The head of Lebanon's Hezbollah said Friday his powerful movement was creating a mechanism to help Syrian refugees in the country return home, in coordination with Lebanese authorities and Damascus.
Lebanon hosts just under one million registered refugees from the conflict in neighbouring Syria, although authorities say the real number is much higher.
As some battlefronts in Syria's devastating seven-year war have quietened, Lebanese officials are ramping up demands that refugees go home, and Hezbollah said Friday it wanted to play a role.
"We in Hezbollah, facing the slow progress in resolving this issue and based on our good and strong relationship with the Syrian state, we want to help," said its head Hassan Nasrallah.
Thousands of Hezbollah fighters, as well as Russian warplanes, have helped Syrian government troops retake swathes of territory in recent years.
Nasrallah said the group was setting up centres with phone numbers and social media accounts where refugees could sign up to return home.
"We will submit these lists to the relevant authorities in Syria," said Nasrallah, and would also coordinate with Lebanon's General Security agency.
"We will work together so that as many Syrian refugees as possible who want a voluntary and safe return can go back," he said in a televised address.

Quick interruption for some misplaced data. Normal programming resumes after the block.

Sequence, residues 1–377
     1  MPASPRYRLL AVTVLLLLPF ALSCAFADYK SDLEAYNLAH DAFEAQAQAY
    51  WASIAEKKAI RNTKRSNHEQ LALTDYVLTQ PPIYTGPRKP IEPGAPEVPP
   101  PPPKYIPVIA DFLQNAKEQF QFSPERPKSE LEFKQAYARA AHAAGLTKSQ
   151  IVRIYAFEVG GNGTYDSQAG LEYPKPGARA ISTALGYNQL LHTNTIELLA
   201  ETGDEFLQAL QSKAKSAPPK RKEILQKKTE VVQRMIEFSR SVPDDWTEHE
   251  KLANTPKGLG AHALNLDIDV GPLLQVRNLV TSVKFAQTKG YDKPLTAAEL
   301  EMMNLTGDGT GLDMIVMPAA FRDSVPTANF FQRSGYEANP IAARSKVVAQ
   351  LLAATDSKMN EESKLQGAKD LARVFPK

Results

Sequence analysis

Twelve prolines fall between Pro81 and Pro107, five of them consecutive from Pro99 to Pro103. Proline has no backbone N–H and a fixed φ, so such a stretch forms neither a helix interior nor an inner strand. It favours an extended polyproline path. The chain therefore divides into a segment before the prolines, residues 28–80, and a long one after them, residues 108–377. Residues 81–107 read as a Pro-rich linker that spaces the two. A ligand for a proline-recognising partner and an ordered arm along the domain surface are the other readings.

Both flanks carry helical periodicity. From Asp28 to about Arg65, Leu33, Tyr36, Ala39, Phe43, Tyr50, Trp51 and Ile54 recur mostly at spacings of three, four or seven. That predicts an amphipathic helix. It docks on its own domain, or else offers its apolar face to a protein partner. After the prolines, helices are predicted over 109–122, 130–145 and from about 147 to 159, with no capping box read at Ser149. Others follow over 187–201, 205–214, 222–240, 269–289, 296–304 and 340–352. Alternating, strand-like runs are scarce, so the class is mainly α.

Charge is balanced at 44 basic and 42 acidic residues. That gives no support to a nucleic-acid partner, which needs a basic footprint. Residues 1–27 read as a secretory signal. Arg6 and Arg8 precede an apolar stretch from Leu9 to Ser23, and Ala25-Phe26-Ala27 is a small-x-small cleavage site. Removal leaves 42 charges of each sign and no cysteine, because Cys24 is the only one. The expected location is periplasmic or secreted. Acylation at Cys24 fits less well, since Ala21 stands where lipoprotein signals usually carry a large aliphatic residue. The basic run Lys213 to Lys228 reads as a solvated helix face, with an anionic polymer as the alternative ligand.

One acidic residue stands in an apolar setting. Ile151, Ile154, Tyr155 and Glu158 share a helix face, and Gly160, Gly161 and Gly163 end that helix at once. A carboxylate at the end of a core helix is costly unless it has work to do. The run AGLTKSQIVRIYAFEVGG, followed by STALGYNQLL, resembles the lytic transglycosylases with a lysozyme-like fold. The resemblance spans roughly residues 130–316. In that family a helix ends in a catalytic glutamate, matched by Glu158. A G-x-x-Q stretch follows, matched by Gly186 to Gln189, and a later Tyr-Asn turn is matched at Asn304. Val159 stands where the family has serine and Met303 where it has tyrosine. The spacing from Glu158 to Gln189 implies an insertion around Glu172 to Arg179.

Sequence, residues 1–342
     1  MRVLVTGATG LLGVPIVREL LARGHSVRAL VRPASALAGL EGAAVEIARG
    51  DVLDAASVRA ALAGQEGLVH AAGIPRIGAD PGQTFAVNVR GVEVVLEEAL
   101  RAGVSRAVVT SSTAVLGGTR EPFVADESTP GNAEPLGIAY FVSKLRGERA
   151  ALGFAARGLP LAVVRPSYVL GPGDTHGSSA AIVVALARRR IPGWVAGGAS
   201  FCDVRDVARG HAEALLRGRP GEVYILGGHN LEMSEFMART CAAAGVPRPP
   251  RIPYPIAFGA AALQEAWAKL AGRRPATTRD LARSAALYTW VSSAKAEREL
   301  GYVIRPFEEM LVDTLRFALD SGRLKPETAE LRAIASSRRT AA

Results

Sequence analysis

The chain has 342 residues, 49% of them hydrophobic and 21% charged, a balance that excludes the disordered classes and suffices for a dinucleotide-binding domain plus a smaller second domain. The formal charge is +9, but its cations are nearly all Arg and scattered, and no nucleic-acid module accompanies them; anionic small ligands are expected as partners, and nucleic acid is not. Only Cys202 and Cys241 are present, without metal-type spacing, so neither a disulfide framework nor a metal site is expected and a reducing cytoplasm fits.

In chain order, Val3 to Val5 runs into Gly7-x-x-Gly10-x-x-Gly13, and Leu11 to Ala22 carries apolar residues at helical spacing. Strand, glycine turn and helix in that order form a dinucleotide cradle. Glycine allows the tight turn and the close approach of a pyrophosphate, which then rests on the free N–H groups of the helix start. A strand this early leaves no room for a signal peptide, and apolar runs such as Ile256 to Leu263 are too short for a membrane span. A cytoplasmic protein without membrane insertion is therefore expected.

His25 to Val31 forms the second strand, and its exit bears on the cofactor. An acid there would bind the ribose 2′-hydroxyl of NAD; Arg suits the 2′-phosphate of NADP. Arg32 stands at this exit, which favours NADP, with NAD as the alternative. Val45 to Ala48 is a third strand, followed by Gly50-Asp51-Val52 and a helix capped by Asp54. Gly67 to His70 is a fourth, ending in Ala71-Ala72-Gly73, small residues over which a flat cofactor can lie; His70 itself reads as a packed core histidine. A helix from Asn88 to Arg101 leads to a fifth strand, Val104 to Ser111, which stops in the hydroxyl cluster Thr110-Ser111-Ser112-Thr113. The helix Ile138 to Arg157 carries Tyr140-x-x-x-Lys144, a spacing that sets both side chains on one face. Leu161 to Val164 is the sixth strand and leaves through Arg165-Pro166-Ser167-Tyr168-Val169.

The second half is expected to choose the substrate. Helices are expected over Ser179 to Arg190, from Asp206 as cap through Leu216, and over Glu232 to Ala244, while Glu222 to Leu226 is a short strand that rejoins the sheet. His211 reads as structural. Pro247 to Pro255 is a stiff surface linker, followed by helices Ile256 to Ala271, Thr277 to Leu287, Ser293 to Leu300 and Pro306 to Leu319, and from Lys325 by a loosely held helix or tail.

Nasrallah said Hezbollah would take advantage of the summer months as Syrian families would want to be home before schools open in September.
"There is no time to lose," he said. "There is a huge difference between living in a tent and returning home, to your neighbourhood, your school."
Nasrallah spoke a day after several hundred Syrian refugees left the Lebanese border town of Arsal, returning to their hometowns around Damascus.
The operation was coordinated between Lebanon's General Security and Syrian authorities.
Earlier this year, around 500 refugees also left southern Lebanon for Syria in a return organised by Beirut and Damascus.
Several thousand have independently left in recent years.
Nasrallah said neither his group nor the Lebanese government wanted to force refugees to return.
But he warned of local and international efforts aimed at dissuading refugees from going home.
Lebanon's top diplomat Gebran Bassil has accused United Nations refugee agency UNHCR of trying to persuade refugees to stay in Syria, and retaliated by blocking the issuing of any new work permits for the agency's foreign staff.